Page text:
Revatinandana: One day we were going to a Gaudiya Math in Calcutta. This particular Math had a bookstore with all kinds of old Gaudiya Math publications, some of which were quite rare. Prabhupada and I were standing in the doorway of the ISKCON temple on Albert Road, and I asked, "Srila Prabhupada, I understand that your books are all that we need, but there will be books for sale at the Math. Once you told Bali Mardan that if he read the Brahma-samhita he would become a good preacher. I was wondering if it would be all right if I bought the Brahma-samhita and some other books, since we are going to this place."
Prabhupada answered my question in three parts. He said, "For one thing, I do not think you will be able to understand those books very well. My Guru Maharaj was not pleased with the sincerity of most of his disciples, and he wrote his books in a difficult language so that almost none of his disciples could understand them."
Then he said, "Actually, my Guru Maharaj wrote those books for me. Only I could understand them."
Another thing he said was, "We shouldn't read anything published by the Gaudiya Math after 1932, because by that time politics were entering into the editions that were being printed." I said, "Didn't your Guru Maharaj pass away in 1936?" He said, "Yes, but in the last four years he was infirm and was not directly supervising the editing."
From Andrew Whitlock
To all my devotee friends:
“It's easier to fool people than to convince them that they have been fooled.”
And here's a story that proves this Mark Twain quote to be oh so true! Back in the late sixties Srila Prabhupada arrived in the USA on a mission to spread Krsna consciousness in the West. He brought with him manuscripts, written in Sanskrit, which were to be translated into English. Among these the Bhagavad Gita for which he would also write purports, or explanations of what was said in each verse.
Srila Prabhupada wanted to get the book published as quickly as possible and remarkably, this was achieved in the space of two years after he met Professor Howard Wheeler, who by most accounts, did the bulk of the editing in consultation with the author. This work was done in San Francisco and is well documented.
Prof Wheeler was one of the youngest and clearly most talented English poetry experts in the USA at that time. So Bhagavad Gita As It Is was published by MacMillan Publishers in 1968 in an abridged version and then in 1972, what is now known as the Original Edition, was published. The book received great reviews and was an instant success.
And that really should be the end of the story … there were a few grammatical mistakes which could easily have been corrected in a Second Edition. Srila Prabhupada's clear instruction was to correct only spelling and grammar, without interpolation … The number of minor errors, including spelling and grammar and the famous "Planet of Trees" totalled around 94.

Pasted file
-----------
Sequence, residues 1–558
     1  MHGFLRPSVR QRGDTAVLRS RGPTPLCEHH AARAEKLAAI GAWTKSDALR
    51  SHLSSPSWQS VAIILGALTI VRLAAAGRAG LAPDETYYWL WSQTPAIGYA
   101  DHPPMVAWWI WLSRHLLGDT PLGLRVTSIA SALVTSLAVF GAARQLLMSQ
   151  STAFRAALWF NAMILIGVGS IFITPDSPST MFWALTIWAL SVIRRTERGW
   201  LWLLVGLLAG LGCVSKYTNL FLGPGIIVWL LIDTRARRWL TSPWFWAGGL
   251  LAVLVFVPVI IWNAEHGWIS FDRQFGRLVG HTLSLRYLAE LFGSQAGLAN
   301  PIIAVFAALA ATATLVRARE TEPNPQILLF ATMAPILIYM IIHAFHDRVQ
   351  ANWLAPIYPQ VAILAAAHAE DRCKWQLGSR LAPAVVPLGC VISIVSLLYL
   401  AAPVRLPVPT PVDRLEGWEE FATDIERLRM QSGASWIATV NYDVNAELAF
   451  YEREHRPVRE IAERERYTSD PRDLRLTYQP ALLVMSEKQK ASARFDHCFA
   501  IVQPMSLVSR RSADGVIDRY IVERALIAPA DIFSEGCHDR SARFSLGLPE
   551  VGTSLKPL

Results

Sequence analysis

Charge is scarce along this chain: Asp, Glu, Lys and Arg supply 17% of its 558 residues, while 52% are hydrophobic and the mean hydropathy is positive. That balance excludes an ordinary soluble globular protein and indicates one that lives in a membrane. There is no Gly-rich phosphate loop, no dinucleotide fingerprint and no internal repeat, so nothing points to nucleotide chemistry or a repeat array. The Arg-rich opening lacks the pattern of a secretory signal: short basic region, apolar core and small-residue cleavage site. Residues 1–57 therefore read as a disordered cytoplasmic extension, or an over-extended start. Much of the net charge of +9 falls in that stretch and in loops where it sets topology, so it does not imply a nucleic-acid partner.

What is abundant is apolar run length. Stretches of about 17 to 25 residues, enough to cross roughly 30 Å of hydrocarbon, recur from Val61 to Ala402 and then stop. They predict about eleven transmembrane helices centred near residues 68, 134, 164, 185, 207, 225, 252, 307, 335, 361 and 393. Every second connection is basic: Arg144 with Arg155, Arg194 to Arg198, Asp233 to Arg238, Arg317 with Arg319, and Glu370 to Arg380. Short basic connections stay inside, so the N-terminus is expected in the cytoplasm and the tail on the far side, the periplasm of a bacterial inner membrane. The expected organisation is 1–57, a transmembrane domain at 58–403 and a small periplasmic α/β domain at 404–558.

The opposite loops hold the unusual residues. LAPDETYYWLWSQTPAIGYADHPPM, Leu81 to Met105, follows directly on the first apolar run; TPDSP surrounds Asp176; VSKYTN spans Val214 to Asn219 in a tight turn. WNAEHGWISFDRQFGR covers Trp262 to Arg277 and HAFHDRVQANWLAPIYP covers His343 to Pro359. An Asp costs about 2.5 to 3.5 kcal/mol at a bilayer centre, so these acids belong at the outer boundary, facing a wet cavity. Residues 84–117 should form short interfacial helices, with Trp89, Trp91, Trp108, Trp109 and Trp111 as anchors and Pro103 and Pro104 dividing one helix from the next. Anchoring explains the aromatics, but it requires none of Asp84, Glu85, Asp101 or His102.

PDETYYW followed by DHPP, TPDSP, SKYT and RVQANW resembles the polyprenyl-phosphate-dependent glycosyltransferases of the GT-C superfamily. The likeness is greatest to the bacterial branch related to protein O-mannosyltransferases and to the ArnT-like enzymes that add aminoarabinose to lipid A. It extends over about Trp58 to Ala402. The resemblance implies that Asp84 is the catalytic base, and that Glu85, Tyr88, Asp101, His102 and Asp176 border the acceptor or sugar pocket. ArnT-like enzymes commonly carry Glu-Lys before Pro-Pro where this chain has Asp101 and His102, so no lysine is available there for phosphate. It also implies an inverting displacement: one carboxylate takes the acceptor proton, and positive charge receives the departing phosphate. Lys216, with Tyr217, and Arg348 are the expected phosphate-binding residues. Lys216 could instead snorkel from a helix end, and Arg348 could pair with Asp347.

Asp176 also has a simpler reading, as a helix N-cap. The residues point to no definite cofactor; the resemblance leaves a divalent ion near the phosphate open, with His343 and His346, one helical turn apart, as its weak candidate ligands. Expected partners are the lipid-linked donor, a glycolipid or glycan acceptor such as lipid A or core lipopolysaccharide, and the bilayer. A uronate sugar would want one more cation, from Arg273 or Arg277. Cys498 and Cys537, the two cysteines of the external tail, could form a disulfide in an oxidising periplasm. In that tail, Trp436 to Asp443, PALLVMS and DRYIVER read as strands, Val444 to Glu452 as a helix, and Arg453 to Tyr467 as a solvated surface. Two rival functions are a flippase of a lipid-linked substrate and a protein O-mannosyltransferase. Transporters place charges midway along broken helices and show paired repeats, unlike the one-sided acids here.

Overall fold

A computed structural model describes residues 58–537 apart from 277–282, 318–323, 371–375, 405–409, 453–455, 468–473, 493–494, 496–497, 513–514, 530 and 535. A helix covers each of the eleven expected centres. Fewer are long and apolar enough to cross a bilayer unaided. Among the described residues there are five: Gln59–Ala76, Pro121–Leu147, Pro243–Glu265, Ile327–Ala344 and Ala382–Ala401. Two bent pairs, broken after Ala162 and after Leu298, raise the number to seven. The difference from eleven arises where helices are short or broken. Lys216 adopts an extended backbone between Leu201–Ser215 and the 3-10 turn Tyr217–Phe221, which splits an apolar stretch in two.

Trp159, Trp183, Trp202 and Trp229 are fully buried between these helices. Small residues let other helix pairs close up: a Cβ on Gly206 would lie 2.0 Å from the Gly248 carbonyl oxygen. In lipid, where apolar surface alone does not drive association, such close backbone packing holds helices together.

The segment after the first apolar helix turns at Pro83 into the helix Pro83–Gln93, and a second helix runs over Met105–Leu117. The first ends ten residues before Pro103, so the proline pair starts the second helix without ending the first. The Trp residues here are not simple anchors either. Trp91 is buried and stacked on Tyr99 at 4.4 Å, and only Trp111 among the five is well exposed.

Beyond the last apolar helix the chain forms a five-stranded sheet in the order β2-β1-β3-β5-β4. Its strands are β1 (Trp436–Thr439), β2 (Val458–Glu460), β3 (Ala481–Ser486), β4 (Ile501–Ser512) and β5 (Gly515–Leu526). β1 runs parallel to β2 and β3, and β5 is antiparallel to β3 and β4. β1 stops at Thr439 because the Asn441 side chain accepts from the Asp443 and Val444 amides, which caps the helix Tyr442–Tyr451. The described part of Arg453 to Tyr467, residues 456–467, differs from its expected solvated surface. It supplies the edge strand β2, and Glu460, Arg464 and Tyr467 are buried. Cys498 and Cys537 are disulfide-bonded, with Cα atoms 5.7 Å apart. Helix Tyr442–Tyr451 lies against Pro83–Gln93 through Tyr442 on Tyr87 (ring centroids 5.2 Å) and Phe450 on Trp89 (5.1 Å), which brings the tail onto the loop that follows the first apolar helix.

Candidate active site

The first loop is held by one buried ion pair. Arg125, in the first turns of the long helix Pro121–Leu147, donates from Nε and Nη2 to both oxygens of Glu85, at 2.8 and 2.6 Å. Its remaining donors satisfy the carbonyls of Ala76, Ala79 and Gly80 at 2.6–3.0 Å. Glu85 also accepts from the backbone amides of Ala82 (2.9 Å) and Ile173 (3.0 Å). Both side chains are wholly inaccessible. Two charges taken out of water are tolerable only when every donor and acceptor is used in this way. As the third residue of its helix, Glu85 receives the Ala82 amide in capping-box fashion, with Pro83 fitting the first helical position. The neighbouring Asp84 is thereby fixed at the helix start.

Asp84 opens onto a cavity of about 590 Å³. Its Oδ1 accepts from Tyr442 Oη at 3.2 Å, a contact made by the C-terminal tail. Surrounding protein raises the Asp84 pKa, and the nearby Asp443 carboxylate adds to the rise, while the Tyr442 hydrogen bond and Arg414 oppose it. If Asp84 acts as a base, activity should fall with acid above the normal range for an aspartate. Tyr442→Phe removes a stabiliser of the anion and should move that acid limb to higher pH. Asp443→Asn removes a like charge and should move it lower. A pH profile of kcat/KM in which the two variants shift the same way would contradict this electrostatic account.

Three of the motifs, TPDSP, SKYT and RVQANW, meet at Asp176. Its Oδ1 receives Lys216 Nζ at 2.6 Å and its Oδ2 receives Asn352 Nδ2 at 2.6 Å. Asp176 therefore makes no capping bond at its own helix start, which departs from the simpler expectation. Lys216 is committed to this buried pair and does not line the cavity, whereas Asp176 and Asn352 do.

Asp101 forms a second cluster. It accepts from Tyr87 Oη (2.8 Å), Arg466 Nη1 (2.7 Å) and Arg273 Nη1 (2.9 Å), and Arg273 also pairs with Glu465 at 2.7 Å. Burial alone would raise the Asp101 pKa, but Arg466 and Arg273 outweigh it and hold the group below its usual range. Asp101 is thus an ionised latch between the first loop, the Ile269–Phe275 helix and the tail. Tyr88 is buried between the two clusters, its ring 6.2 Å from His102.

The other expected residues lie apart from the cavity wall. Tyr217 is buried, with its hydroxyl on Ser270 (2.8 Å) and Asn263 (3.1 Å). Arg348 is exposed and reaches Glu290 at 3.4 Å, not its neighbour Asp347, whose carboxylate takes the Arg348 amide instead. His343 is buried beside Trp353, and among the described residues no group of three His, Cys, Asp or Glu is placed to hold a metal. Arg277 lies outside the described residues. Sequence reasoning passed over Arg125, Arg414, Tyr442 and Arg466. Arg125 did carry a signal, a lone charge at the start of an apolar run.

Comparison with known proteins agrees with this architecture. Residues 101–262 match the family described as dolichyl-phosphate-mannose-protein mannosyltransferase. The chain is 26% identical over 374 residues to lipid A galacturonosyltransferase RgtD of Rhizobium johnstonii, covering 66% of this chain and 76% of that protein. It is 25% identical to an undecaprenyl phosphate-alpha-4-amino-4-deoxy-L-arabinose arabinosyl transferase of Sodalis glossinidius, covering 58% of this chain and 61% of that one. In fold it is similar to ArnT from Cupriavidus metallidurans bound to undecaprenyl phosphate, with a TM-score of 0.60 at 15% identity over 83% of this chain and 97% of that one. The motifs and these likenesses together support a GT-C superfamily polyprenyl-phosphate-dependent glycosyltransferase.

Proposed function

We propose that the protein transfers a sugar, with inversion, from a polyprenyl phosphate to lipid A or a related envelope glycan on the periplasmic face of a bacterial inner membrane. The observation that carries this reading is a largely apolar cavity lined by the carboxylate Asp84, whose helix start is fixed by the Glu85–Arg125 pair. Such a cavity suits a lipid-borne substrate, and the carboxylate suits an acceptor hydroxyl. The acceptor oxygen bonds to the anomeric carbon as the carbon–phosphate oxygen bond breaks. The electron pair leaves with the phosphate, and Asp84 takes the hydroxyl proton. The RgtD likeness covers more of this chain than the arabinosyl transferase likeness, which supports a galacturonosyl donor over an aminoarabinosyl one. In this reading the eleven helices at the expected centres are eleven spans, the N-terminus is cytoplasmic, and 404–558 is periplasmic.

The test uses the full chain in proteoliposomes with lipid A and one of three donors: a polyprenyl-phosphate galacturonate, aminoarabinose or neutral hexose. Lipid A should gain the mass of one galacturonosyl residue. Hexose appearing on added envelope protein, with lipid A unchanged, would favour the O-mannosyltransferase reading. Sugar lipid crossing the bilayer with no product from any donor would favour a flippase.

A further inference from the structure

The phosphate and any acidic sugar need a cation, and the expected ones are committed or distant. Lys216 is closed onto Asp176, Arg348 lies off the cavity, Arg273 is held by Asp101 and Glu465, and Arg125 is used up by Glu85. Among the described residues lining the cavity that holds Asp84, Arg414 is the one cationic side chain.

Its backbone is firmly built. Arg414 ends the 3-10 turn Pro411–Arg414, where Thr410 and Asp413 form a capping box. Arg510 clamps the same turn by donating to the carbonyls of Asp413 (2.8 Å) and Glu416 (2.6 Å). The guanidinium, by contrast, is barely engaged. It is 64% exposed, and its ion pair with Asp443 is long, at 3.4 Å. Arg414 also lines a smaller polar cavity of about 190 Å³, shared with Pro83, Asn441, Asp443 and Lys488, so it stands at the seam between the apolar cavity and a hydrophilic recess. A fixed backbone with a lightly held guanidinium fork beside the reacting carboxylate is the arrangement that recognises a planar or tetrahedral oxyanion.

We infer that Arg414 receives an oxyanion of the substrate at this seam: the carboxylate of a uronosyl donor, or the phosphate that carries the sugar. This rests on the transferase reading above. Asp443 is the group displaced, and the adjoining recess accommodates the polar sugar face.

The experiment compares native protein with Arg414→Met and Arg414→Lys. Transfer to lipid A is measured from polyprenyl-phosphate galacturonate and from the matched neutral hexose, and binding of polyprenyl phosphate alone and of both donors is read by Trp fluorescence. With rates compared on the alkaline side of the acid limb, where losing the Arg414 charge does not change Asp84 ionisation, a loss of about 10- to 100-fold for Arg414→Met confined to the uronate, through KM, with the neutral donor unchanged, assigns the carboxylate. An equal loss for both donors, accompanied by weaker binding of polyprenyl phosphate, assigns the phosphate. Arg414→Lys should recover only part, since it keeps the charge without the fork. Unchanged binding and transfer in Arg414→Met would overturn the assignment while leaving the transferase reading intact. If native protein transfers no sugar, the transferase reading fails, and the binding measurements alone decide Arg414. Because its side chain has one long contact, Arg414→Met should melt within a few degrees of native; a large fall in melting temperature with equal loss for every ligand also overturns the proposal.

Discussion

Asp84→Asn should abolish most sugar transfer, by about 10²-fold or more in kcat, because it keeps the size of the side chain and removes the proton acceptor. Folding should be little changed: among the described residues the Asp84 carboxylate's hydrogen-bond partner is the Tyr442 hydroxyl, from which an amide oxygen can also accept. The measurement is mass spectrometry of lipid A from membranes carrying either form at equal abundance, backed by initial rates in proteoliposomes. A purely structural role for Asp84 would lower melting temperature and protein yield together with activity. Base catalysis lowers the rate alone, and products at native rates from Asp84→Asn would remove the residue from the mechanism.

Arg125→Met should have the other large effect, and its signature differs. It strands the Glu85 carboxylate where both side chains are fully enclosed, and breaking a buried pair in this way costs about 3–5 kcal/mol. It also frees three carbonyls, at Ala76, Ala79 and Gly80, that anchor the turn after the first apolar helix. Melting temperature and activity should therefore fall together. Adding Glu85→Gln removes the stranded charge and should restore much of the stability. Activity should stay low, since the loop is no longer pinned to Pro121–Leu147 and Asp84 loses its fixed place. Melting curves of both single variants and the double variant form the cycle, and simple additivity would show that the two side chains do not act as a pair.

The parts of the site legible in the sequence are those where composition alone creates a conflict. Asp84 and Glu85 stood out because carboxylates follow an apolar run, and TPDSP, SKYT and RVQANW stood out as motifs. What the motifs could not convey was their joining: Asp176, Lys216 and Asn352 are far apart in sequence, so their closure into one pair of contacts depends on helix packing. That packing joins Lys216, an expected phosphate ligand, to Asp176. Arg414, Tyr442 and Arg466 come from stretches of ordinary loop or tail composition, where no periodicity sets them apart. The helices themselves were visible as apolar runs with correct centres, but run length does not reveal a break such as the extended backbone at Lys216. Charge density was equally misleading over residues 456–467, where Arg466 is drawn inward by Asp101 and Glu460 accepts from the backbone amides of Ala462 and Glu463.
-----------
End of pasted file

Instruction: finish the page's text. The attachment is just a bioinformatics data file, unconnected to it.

But instead what happened was … (and this is where the people who have been fooled should starting taking notes) … the Zonal Acaryas who were running Iskcon at that time, commissioned a Revision of Bhagavad Gita and in 1983 the Revised Edition appeared. The Editor of the Revised Edition made 4984 changes to the text and claimed that this was what Srila Prabhupada "intended". The Editor made these changes in complete anonymity, instead of following the standard practice of placing his name on the cover of the book, or at least on the inside cover page.
The BBTi then replaced the Original Edition with the Revised Edition at all Iskcon Temples. So for about 12 years the Original Edition which the Author had signed off at MacMillan Publishers, was not printed by BBTi. The attempt to "replace" the Original was almost successful!
It was only when some senior Prabhupada disciples noticed changes in the text, that the full extent of the changes became clear. The Editor, Jayadvaita Swami, claimed that he had "returned to the oldest manuscripts" and that Srila Prabhupada had sanctioned these posthumous changes.
Central to this debate is the question of the "Manuscripts". The most recent information on BBT website finds Jayadvaita Swami saying this: In this conference, I shall present and discuss some of the more interesting, instructive, and controversial revisions made for the Second Edition of Bhagavad-gita As It Is.
Unlike comparisons published elsewhere, these discussions will include comparisons to the original unpublished manuscripts. (You can expect to see, as in Krsna’s universal form, “many wonderful things which no one has ever seen or heard of before.”)
A few words of explanation: “Original manuscripts” means different things, according to different Gita chapters. For the first five or six chapters, it refers to original manuscripts apparently typed by Srila Prabhupada himself. For the middle six chapters, it refers to the original transcriptions of his tapes. And for the last chapters it refers to the old retyped manuscripts from which the 1972 Macmillan edition was produced. In all cases, “original manuscripts” means the oldest and most reliable manuscripts in the BBT files.
The “retyped manuscripts” for the last six chapters were copied from original transcriptions on which much editing had already been done. The typist followed the edited version, adding what the editor had added and deleting what he had deleted. Sometime before 1972, the original transcriptions themselves were apparently lost. (This loss is why the revisions in the last six chapters of the Second Edition are particularly light.)
The text of the manuscripts for all eighteen chapters has been converted into digital form, and for convenience while traveling I am relying on the digital version. If this results in any significant errors that later come to my attention, I shall report them.
Thank you. Hare Krsna.